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The Passing of The Mantle

In ancient times, a mantle was an outer cloak worn over other clothing. While used primarily as a means to keep warm, it also served, for some people, as a symbol of authority. The English word mantle is used to translate 3 different Hebrew words of the Scriptures. The first (pronounced) sem-ee-caw, meaning a rug, was what Jael used to cover Sisera to hide him in her tent (see below). The second, (pronounced) meh-eel, meaning an outer garment, is used to describe a common outer cloak, as in the verses below involving Job, Saul, Samuel and Ezra. The third, (pronounced) add-deh-reth also means an outer garment, but is from a root word meaning power; it's used in the Scriptures to refer to the mantle of Eljiah.

"Elijah passed by him and cast his mantle upon him"

In the time of Deborah, Jael used a mantle to hide Sisera. Her hospitality was merely a means to get him to drop his guard however - once asleep, she killed him by driving a tent peg through his skull. The killing was regarded as an act of war, not an act of murder i.e. "Blessed above women shall Jael the wife of Heber the Kenite ... with the hammer she smote Sisera" (Judges 5:24,26 KJV)

Elijah's Mantle

"And Jael went out to meet Sisera, and said unto him, Turn in, my lord, turn in to me; fear not. And when he had turned in unto her into the tent, she covered him with a mantle." (Judges 4:18 KJV)

The tearing of Saul's mantle was used by Samuel as an analogy for the removal of power from him (Saul was succeeded by David)

"And Samuel said unto Saul, I will not return with thee: for thou hast rejected the word of The Lord, and The Lord hath rejected thee from being king over Israel."

"And as Samuel turned about to go away, he laid hold upon the skirt of his mantle, and it rent. And Samuel said unto him, The Lord hath rent the kingdom of Israel from thee this day, and hath given it to a neighbour of thine, that is better than thou." (1 Samuel 15:26-28 KJV)

The tearing of one's own mantle was used in ancient times as a means of displaying humility and sorrow:

"And at the evening sacrifice I arose up from my heaviness; and having rent my garment and my mantle, I fell upon my knees, and spread out my hands unto The Lord my God, And said, O my God, I am ashamed and blush to lift up my face to Thee, my God: for our iniquities are increased over our head, and our trespass is grown up unto the heavens" (Ezra 9:5-6 KJV)

"Then Job arose, and rent his mantle, and shaved his head, and fell down upon the ground, and worshipped, And said, Naked came I out of my mother's womb, and naked shall I return thither: The Lord gave, and The Lord hath taken away; blessed be the name of The Lord. In all this Job sinned not, nor charged God foolishly." (Job 1:20-22 KJV)

Elijah's mantle is perhaps the most famous of the Bible. It was used as an actual article of clothing by Elijah - when God spoke to Elijah, he hid has face in his mantle:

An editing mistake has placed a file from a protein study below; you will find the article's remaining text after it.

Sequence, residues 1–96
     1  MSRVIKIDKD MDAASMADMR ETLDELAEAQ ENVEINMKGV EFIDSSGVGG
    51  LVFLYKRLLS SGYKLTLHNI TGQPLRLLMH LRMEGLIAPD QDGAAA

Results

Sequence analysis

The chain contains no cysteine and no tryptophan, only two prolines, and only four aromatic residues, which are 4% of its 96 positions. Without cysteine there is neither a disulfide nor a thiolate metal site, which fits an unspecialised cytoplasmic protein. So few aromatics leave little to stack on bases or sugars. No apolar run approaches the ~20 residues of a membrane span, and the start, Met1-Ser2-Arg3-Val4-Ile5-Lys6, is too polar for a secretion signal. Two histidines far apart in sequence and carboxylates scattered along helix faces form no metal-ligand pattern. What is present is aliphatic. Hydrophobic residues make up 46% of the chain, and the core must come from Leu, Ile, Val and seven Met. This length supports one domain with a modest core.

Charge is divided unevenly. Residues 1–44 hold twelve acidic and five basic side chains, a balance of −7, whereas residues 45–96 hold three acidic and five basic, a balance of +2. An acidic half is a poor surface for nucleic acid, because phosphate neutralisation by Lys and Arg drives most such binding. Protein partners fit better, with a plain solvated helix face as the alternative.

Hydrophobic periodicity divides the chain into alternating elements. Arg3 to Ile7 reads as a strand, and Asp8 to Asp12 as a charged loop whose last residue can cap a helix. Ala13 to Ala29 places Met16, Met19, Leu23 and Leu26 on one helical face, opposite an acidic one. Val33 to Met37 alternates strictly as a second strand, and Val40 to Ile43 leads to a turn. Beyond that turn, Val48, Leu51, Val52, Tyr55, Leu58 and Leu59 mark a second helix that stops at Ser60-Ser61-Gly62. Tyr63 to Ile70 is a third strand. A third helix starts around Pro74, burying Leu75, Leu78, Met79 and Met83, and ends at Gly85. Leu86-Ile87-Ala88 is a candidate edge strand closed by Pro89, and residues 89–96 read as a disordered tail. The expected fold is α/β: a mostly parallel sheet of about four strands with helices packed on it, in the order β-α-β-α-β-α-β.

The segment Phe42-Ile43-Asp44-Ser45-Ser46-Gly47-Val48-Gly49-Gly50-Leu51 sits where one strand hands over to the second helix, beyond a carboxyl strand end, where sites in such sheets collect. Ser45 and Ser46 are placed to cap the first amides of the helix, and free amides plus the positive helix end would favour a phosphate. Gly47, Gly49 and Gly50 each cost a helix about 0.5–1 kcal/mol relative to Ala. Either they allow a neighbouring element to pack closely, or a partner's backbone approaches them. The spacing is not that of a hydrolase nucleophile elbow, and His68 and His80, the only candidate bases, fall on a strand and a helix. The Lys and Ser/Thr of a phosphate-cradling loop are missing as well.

"And it was so, when Elijah heard it that he wrapped his face in his mantle, and went out, and stood in the entering in of the cave. And, behold, there came a voice unto him, and said, What doest thou here, Elijah?" (1 Kings 19:13 KJV)

Just as Moses used his rod as a symbol of his God-given authority, Elijah's mantle was used for the same purpose; Moses' rod was used in the parting of the Red Sea (Exodus 14:16), Elijah's mantle was used in the parting of the waters of the Jordan River (for other connections between Moses and Elijah, see The Forty Day Fasts)

"And Elijah took his mantle, and wrapped it together, and smote the waters, and they were divided hither and thither, so that they two went over on dry ground." (2 Kings 2:8 KJV)

When the time came for Elijah to groom a successor, he used his mantle ceremonially with Elisha:

"So he departed thence, and found Elisha the son of Shaphat, who was plowing with twelve yoke of oxen before him, and he with the twelfth: and Elijah passed by him, and cast his mantle upon him" (1 Kings 19:19 KJV)

When the time came for Elisha to succeed Elijah, Elijah's mantle, as a symbol of his God-given authority, was given to Elisha:

"And it came to pass, when they were gone over, that Elijah said unto Elisha, Ask what I shall do for thee, before I be taken away from thee."

"And Elisha said, I pray thee, let a double portion of thy spirit be upon me." [see The Spirit and Power of Elijah]

"And he said, Thou hast asked a hard thing: nevertheless, if thou see me when I am taken from thee, it shall be so unto thee; but if not, it shall not be so."

"And it came to pass, as they still went on, and talked, that, behold, there appeared a chariot of fire, and horses of fire, and parted them both asunder; and Elijah went up by a whirlwind into heaven." [see Where Did Elijah Go?]

"And Elisha saw it, and he cried, My father, my father, the chariot of Israel, and the horsemen thereof. And he saw him no more: and he took hold of his own clothes, and rent them in two pieces."

"He took up also the mantle of Elijah that fell from him, and went back, and stood by the bank of Jordan; And he took the mantle of Elijah that fell from him, and smote the waters, and said, Where is The Lord God of Elijah? and when he also had smitten the waters, they parted hither and thither: and Elisha went over."

"And when the sons of the prophets which were to view at Jericho saw him, they said, The spirit of Elijah doth rest on Elisha. And they came to meet him, and bowed themselves to the ground before him." (2 Kings 2:8-15 KJV)

Fact Finder: What other articles of clothing did people wear during Bible History?
See Clothing In Bible Times

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